If you and your spouse are splitting up, you may find that determining child custody arrangements is the most difficult part of the divorce process. In many cases, one parent is named the primary custodial parent who is responsible for the raising the child on a daily basis, while the non-custodial parent pays child support and is granted visitation rights.
During the divorce, Texas family courts will establish a visitation order which specifies when each parent will be responsible for the child. The court will ensure that the visitation order is in the best interest of the child, and in most cases, this means that regular visitations will be scheduled so that both parents get to spend quality time with the child on a regular basis.
Once the visitation order is finalized, both parents are legally obligated to abide by the terms of the order. Failing to comply with a visitation schedule can cause the entire family a great deal of stress. Common violations may include:
- Intentionally failing to show up for a scheduled visitation without warning
- Visiting without warning when a visitation is not scheduled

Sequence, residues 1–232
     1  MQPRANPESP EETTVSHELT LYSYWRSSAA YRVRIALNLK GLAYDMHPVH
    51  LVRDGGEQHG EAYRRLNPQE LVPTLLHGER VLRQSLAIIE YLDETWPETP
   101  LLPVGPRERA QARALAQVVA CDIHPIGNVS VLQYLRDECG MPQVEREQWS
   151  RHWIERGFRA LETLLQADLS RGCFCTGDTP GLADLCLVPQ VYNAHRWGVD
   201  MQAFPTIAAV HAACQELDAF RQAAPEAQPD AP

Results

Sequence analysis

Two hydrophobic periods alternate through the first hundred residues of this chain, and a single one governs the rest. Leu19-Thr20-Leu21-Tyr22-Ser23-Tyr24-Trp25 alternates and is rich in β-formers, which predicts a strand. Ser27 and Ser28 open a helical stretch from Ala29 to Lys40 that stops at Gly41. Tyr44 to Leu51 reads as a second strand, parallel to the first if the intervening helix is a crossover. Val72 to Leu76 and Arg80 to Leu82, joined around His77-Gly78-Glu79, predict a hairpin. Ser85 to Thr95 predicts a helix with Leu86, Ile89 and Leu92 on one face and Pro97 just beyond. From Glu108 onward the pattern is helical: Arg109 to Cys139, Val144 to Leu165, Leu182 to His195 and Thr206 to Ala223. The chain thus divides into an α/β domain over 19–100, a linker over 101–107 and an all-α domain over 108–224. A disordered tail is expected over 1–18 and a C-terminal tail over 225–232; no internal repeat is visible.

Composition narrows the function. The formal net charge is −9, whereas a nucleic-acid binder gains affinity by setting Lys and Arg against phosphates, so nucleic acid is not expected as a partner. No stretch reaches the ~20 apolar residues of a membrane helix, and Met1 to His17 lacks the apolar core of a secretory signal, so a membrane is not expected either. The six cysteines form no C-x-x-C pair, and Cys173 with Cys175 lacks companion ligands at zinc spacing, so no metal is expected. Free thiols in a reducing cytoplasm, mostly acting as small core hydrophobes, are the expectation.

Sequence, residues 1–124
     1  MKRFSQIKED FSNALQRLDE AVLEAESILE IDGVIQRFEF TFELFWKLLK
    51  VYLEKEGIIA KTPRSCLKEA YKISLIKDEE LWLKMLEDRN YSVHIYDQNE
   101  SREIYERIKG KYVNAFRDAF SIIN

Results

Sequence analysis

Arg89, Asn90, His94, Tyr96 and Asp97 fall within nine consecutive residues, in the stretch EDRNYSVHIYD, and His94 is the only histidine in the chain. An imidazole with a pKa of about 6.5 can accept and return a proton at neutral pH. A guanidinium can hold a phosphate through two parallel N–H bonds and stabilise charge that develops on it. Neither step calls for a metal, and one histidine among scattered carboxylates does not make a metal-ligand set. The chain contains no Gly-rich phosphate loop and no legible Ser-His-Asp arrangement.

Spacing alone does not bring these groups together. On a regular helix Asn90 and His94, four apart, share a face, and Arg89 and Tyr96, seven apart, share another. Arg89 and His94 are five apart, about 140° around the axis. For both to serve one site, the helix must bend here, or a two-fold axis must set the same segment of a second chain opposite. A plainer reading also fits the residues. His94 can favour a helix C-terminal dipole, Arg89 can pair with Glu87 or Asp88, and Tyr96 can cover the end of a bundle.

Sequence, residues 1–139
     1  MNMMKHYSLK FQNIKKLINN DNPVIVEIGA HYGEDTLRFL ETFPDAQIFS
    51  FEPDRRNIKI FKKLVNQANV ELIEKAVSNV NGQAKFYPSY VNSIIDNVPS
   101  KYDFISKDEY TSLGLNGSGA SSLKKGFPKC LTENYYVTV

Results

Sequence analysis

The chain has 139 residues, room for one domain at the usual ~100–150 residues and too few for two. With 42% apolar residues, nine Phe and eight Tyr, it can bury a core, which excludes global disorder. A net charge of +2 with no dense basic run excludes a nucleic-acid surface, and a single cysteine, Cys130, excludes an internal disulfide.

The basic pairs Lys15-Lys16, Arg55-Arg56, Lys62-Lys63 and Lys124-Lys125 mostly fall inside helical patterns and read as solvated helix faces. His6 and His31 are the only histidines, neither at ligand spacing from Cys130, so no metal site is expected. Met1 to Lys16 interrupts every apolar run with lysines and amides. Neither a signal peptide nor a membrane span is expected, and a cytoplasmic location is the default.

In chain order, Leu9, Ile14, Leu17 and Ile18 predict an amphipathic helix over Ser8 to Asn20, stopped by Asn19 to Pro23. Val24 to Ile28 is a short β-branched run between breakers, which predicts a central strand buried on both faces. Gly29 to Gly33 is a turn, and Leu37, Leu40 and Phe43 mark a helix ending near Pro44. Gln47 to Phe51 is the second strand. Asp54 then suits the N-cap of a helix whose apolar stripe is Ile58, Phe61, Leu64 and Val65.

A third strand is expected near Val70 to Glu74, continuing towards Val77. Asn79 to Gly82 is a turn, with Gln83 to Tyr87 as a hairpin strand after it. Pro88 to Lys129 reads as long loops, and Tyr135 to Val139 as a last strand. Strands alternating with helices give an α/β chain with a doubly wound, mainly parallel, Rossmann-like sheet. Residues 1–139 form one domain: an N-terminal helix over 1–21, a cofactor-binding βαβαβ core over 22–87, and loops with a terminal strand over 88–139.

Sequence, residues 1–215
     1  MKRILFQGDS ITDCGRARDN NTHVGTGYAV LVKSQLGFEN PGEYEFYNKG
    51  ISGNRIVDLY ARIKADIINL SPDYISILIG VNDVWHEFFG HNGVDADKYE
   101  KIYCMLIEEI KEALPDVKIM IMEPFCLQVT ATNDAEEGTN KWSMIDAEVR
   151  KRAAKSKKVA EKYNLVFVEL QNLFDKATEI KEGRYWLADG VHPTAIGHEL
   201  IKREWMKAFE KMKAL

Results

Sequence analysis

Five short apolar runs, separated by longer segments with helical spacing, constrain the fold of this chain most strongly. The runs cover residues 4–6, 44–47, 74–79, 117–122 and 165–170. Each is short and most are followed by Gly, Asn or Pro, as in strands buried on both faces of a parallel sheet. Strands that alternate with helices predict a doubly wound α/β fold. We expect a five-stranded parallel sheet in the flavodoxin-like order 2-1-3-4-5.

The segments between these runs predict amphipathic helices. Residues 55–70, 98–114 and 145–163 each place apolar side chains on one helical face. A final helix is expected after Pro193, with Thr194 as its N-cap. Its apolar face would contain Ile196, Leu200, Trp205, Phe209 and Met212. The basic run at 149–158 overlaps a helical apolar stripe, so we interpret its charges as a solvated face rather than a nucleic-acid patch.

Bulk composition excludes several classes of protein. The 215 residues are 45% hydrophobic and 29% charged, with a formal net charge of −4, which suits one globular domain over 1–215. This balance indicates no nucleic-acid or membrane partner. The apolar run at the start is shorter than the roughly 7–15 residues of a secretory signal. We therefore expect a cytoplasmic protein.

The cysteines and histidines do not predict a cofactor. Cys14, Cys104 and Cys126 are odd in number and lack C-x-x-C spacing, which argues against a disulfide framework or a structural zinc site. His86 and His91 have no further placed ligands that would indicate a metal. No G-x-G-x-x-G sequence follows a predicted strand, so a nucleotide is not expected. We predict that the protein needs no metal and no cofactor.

- Arriving late to pickup a child or dropping the child off late for visitations
- Refusing to cooperate
If a parent repeatedly violates the terms of a visitation order, the other parent may have legal options to enforce the order. The first step would be to talk to your ex and try to work things out without going to court. However, if this is not an option for you, you may file a contempt of court motion, to let the court know that your spouse is purposefully failing to follow the order. If the court finds your ex in contempt, they may face fines and jail times if they fail to start following the terms of the order.
If your spouse is purposefully violating your visitation order or ignoring it altogether, a family law attorney in your area can advise you on next steps.